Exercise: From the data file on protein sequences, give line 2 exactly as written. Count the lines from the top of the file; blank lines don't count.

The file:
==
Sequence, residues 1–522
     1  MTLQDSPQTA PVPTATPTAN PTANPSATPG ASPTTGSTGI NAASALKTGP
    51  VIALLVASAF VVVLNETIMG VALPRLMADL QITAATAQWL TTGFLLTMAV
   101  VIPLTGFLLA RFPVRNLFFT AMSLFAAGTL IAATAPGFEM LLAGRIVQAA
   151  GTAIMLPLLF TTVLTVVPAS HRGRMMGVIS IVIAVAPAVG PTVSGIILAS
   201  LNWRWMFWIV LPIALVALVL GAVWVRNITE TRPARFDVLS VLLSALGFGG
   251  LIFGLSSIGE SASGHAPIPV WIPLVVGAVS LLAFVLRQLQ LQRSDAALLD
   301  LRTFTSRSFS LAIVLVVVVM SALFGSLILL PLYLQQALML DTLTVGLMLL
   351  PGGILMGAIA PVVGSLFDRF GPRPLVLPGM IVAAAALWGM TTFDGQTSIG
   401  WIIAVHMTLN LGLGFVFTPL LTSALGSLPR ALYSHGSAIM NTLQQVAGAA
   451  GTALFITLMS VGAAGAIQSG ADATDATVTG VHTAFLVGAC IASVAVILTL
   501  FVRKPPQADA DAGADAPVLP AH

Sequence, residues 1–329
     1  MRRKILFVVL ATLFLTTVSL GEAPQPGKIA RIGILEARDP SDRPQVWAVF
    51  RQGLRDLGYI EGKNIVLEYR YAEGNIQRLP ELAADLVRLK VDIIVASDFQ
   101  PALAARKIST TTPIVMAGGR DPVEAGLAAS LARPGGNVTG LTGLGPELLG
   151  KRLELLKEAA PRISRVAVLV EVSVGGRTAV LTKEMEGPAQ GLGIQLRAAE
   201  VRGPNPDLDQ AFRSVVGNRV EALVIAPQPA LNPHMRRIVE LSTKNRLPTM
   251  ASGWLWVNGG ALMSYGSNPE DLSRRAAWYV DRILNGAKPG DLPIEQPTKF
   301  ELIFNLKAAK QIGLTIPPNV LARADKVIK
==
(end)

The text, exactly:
     1  MTLQDSPQTA PVPTATPTAN PTANPSATPG ASPTTGSTGI NAASALKTGP